Is it safe to use DIY dental instruments?

dental instruments
Is using dental instruments to give youself a cleaning a good way to save money or plane crazy?

Would you superglue a chipped tooth? According to a survey conducted by the Chicago Dental Society, 70 percent of dentists reported that they've seen patients who try to fix their dental problems on their own before going to their dentists. People most often try to superglue broken dental work such as crowns and dentures, the dentists said. They also see people use emery boards to file chipped teeth and overuse pain-killing gels. Some people even go so far as to use power tools to give themselves root canals in order to save money [source: Koretzky].

Obviously, taking a power tool to a tender tooth is not a great idea, but is it ever safe to use do-it-yourself dental instruments?


DIY dental kits usually come with single or double-sided probes, those pickÔÇôlike instruments your dentist uses to scrape your teeth to remove plaque build-up. They also feature a mirror so that you can inspect your teeth and spot hard to see spaces in your mouth. Some kits even include items to repair fillings, chipped teeth and dentures. While you can use these kits to temporarily repair a tooth or check on the general health of your teeth, you should still follow up with a dentist visit.

While you might think that doing it yourself will save you money, you may cause costly damage to your teeth. You can't reach all of the areas of your mouth that a dentist can access, and you might be setting yourself up for a cavity or worse if you attempt to give yourself a professional cleaning instead of seeing a professional dental hygienist.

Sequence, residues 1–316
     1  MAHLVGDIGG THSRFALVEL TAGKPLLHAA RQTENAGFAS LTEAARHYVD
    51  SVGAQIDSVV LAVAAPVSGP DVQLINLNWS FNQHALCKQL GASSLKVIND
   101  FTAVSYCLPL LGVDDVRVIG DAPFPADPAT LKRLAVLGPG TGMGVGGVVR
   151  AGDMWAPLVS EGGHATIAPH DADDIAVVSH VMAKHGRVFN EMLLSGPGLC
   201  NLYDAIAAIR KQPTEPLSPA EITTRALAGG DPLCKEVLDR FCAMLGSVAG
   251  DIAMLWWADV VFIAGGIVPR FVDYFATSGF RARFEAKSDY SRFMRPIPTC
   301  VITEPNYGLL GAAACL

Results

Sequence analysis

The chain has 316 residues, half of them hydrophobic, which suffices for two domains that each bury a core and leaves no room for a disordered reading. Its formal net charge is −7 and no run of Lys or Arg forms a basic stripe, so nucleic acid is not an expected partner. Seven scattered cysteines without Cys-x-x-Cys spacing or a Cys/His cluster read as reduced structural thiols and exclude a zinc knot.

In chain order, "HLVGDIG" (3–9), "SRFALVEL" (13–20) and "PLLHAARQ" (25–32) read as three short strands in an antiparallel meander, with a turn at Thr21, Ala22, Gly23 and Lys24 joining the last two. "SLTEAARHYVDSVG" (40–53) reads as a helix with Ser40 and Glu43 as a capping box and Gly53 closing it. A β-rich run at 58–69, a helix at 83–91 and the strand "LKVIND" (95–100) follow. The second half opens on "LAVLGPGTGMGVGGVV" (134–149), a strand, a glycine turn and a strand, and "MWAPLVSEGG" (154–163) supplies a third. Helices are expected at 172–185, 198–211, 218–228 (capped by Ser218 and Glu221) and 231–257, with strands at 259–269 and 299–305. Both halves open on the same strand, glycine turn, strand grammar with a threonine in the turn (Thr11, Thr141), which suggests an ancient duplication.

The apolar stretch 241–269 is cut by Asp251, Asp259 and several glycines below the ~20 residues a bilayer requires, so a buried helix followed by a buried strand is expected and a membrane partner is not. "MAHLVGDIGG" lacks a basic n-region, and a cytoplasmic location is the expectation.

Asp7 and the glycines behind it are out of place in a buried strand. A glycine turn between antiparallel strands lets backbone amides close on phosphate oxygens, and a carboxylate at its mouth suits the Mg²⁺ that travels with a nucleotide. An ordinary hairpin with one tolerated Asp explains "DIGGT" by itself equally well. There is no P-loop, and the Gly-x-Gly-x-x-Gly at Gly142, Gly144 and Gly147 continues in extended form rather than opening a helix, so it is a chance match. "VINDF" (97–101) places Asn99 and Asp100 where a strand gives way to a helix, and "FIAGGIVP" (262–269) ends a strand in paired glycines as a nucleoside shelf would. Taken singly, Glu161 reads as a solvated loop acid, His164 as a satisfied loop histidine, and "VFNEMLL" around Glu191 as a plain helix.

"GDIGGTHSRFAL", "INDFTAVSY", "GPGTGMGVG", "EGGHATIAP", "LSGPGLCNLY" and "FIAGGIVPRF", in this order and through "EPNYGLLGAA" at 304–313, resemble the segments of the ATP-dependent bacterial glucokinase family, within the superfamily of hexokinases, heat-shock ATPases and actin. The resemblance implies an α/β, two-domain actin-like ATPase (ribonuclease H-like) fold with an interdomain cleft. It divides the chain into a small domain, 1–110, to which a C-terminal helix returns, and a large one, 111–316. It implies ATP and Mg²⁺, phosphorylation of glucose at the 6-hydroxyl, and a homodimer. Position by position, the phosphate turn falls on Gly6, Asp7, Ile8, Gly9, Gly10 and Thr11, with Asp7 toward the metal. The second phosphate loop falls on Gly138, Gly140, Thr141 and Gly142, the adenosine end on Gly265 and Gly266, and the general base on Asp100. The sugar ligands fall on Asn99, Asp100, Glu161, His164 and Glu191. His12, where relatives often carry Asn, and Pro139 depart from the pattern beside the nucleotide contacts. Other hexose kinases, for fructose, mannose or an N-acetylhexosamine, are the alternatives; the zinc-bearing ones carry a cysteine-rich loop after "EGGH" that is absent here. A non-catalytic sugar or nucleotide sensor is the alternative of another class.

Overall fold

But what should you do if you have a dental emergency and can't make it to the dentist? There are some quick, easy and safe temporary alternatives if you're in a pinch. First off, you should always have the following items on hand in case you can't get to the dentist right away:

  • salt packets
  • gauze
  • cotton swabs for the problem area
  • Ibuprofen or another anti-inflammatory painkiller
  • a small container or bag in case a crown falls out or a tooth chips
  • a dentist's phone number
  • sugar-free gum

If you're experiencing pain due to a dental mishap, take over-the-counter pain relievers. If dentin, the underlying layer of your teeth, is exposed and causing pain, cover it with sugar free gum or wax. This will only work for 48 hours, so see a dentist as soon as possible. Do the same thing if you break or chip a tooth.

If a filling falls out, try to keep it to show your dentist. Keep the tooth clean by brushing it gently with toothpaste and warm water, and avoid eating with that area of the mouth. You can buy temporary over-the-counter zinc oxide repair materials such as Temparin and Dentemp OS to use until you see your dentist [source: Mann].

If you lose a crown, clean it out well, buy paste in a drugstore or mix your own using Vaseline and cornstarch; put paste on crown, put the crown on the tooth, and bite down until it's sealed [source: Mann].

Over-the-counter pain relieving gels such as Anbesol and Orajel can provide temporary relief for gum pain. Always go to a dentist if gum pain or bleeding persists because you might have a bacterial infection.


Lots More Information

Related Articles

  • Chicago Dental Society. "Surprising Number of Patients Try Super Glue Before Visiting Dentist." February 25, 2011. (Aug. 29, 2011).
  • Dental Fear Central. "DYI Dentistry and Dealing with Dental Emergenices." (September 7, 2011).
  • Dental Kit. "Emergency Dental Kit." (Sept. 7, 2011).
  • Koretzy, Micahel. "Do-It-Yourself Dentistry: Never a Good Idea." Money Talks News. March 10, 2011. (Aug. 30, 2011).
  • Lyall, Sarah. "In a Dentist Shortage, British (Ouch!) Do It Themselves." New York Times. May 7, 2006. (Aug. 30, 2011).
  • Mann, Denise. "Do-It-Yourself Dentistry." WebMD. (Aug. 30, 2011).